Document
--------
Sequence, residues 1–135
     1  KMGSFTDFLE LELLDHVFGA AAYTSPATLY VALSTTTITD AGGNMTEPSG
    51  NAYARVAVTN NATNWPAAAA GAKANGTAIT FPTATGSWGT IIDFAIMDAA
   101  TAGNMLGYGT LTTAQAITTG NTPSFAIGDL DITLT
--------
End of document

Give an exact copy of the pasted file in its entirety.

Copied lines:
Sequence, residues 1–135
     1  KMGSFTDFLE LELLDHVFGA AAYTSPATLY VALSTTTITD AGGNMTEPSG
    51  NAYARVAVTN NATNWPAAAA GAKANGTAIT FPTATGSWGT IIDFAIMDAA
   101  TAGNMLGYGT LTTAQAITTG NTPSFAIGDL DITLT